Genre: Fantasy, Fantasy of Manners
Publisher: Ace on September 1, 2015
Source: Publisher via NetGalley
My thanks to Ace and NetGalley for providing me with a digital review copy. No compensation was provided for this review, and all opinions are my own.
In her second year of studies at Merlin College, Oxford, Sophie Marshall is feeling alienated among fellow students who fail to welcome a woman to their ranks. So when her husband, Gray, is invited north as a visiting lecturer at the University in Din Edin, they leap at the chance. There, Sophie’s hunger for magical knowledge can finally be nourished. But soon, Sophie must put her newly learned skills to the test.
Sophie returns home one day to find a note from Gray—he’s been summoned urgently to London. But when he doesn’t return, and none of her spells can find a trace of him, she realizes something sinister has befallen him. With the help of her sister, Joanna, she delves into Gray’s disappearance, and soon finds herself in a web of magick and intrigue that threatens not just Gray, but the entire kingdom.
Two years after the events of THE MIDNIGHT QUEEN, Sophie and Gray Marshall are studying hard at Merlin College of Magick in Oxford. But while Sophie is clearly a brilliant mind, there are many who believe that “females” should never have been granted admittance to the College, regardless of their royal status. Side note: why is it that only sexist people refer to women as females in casual conversation? Does anyone else’s skin crawl when people use that word? “Females.” Ugh.
Needless to say, the sexist collegiate culture makes life in Oxford difficult for Sophie – and by extension, Gray is feeling pretty miserable as well. So it’s little wonder that the Marshalls jump at the chance to spend a year abroad in Alba (aka Scotland) at their magickal University where Gray will take a post as a teaching fellow and Sophie will complete her undergraduate studies. Many women attend university in Alba so Sophie can blend in, and few people know her parentage there…which is how she likes it. But secrets – especially royal secrets – never stay secret for long.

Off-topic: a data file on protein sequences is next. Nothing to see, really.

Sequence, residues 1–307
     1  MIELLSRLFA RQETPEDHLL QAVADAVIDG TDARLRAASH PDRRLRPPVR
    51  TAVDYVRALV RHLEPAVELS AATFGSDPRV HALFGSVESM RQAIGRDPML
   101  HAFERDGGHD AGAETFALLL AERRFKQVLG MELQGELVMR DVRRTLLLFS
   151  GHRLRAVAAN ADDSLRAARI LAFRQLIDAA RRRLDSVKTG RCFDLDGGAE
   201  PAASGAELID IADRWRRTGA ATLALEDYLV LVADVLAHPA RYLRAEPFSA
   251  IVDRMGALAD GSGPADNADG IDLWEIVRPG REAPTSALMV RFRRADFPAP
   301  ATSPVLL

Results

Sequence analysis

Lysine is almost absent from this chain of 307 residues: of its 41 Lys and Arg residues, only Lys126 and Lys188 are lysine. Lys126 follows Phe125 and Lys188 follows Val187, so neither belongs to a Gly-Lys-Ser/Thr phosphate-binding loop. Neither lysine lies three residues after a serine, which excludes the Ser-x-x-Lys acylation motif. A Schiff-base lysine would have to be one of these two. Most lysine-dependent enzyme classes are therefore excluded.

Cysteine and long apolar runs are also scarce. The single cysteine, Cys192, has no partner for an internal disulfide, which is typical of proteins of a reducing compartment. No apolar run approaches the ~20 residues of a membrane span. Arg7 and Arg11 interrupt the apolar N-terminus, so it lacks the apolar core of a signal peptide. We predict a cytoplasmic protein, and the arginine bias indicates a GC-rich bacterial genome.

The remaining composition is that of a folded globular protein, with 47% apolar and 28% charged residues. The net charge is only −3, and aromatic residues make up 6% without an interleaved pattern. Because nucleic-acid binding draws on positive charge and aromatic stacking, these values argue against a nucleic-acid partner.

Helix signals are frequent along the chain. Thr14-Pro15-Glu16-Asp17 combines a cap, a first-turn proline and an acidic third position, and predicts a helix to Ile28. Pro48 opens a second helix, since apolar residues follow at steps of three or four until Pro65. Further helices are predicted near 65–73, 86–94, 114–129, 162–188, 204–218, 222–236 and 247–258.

Meanwhile Sophie’s younger sister Joanna remains in London, under the care of her Lord and Lady Kergabet. At fifteen, Joanne is starting to come into her own and has changed considerably since we last saw her. She still loves to bound about outdoors and get into scrapes, but her position as Lord Kergabet’s assistant/protégé at court requires her to keep up appearances. Joanna becomes very involved in politics and is sworn to keep the court’s secrets, but can she really keep Sophie in the dark when she learns of unrest in Alba? Seeing Joanna all grown up and making some (slightly) more rational decisions was a treat, although I confess that I did miss her sass a bit.
LADY OF MAGICK introduces a new kingdom in the Noctis Magicae world, and does a wonderful job of expanding the alternate UK that Sylvia Izzo Hunter established in the first book. I especially loved how she develops the political tensions between England and Alba, and how those tensions impact Sophie and Gray’s new friendships. I’ve always been really interested in Scottish history and I was very impressed by the amount of research that went into writing this. If you have even a passing interest in Regency era Scotland, I promise you’ll find Alba and its people absolutely riveting.
Another thing that I loved about LADY OF MAGICK is the emphasis placed on scholarship. Let’s be real: most books that take place at university conveniently exclude all of the studying and reading and essay writing that is entailed. Not so in this series! Not only is Sophie studying for her undergrad, she’s also struggling to learn Gaelic so she can participate more fully in Alban society. Talk about a lot of homework.
Although it shares many characteristics with England, Alban society is considerably more relaxed in terms of etiquette and its clan royalty. I really loved that because people were more open about difference, most notably people in queer romantic relationships. There’s a super adorable queer ship in LADY OF MAGICK that I was cheering for every step of the way, which made me happy because 1) diversity in historical SFF and 2) SFF needs more queer ships! This relationship was very well done and pretty subtly wrought, definitely a treat to read.
If you enjoyed Sylvia Izzo Hunter’s debut novel QUEEN OF MIDNIGHT then you won’t be disappointed with LADY OF MAGICK. It is just as well written and atmospheric, and expands on world building and characters alike. If you’re not reading this series and you like historical fantasy, I highly recommend it!